Family Feud (ABC, 1976-1985, CBS, 1988-1993)
This is another game show that began in America before coming to the UK, but unlike just about the all others that I have reviewed so far, this one is a very-long running and popular show. Family Feud (which was renamed Family Fortunes when it launched in the UK in 1980, because the idea of two teams competing against one another on a game show being described to British viewers as a “feud”, ugh, how ghastly!) launched in the mid-70s. I didn’t know much about the American version beyond the parody in Family Guy, and, as ever, I was intrigued to discover more on YouTube.
The way that Family Feud is played is just about the same as the British version, it’s a simple but effective format that has endured on American TV for many decades. Two related teams of five take part and they have to find the most popular answers to a question in a survey of 100 people. Some things that I definitely noticed as different in this version is that for the first stage of the game the board isn’t computer-generated, and it’s rather strange to not hear the famous incorrect answer sound effect. It does seem that the US version can be as good value for silly answers as the UK version though!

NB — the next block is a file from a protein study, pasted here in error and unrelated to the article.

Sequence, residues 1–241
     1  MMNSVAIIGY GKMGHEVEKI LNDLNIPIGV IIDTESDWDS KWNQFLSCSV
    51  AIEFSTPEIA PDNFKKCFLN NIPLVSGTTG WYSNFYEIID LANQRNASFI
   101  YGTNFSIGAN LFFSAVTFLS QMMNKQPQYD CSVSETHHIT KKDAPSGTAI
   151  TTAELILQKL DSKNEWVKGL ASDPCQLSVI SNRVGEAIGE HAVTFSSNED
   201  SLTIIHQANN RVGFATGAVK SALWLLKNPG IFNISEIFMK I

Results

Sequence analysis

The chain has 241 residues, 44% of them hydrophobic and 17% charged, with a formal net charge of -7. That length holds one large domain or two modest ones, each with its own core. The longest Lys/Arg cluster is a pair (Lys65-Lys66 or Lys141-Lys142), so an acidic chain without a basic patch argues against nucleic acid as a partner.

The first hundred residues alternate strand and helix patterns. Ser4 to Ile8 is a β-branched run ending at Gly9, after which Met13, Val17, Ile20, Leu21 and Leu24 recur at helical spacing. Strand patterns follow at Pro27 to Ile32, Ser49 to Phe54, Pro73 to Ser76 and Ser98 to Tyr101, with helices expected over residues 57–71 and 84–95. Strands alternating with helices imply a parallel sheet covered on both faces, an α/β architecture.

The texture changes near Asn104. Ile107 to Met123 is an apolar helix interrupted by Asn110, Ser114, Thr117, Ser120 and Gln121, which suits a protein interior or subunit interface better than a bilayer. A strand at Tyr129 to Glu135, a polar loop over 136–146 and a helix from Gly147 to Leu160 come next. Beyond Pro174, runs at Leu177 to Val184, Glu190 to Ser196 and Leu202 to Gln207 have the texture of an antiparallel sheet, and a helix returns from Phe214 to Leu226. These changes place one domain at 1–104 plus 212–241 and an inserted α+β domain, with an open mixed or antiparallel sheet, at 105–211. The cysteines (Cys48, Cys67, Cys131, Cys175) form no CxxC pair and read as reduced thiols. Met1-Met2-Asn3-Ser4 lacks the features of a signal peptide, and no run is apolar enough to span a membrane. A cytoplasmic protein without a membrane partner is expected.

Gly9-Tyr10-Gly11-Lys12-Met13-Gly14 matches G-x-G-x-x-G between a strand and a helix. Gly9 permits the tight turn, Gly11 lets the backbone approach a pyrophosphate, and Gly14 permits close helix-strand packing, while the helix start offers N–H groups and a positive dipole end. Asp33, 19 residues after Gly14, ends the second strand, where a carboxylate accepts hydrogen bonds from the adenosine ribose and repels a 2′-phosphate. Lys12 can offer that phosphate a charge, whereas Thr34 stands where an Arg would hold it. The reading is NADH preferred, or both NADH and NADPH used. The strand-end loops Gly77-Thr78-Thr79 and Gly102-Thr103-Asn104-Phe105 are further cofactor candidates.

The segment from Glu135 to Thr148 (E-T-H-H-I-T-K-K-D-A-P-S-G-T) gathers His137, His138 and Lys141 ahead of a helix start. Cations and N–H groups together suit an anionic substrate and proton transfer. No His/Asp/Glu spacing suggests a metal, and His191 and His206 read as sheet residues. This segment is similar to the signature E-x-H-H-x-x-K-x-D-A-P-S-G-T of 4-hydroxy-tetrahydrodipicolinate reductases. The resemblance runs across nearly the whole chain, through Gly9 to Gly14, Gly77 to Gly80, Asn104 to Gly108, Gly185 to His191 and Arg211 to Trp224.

In the next round, the point values are doubled, can you believe it. The first team to get to 300 points makes the final called Fast Money (Big Money in the UK version). If two of the five contestants on the team can score 200 points between them they can win lots of money, ($5,000 in the earliest version, again much more than the 80s UK version could offer) and this version also had returning champions, so five-figure sums were possible to win.
There have been several versions of Family Feud over the years with several hosts, although the basic idea remains the same, and the current version features a lot of questions that seem to be deliberately phrased to practically encourage contestants to offer rude or silly answers leading to loads of daft “you won’t believe what this contestant said!” headlines alongside endless celebrity specials.
As I do enjoy the original version of Family Fortunes, I thought that Family Feud was an interesting variation. It was definitely good seeing the show played with more money on offer, and it’s great to know that the format is as much loved in America as it is in the UK and indeed many other countries around the world. I’ll take a look at some more American game shows soon.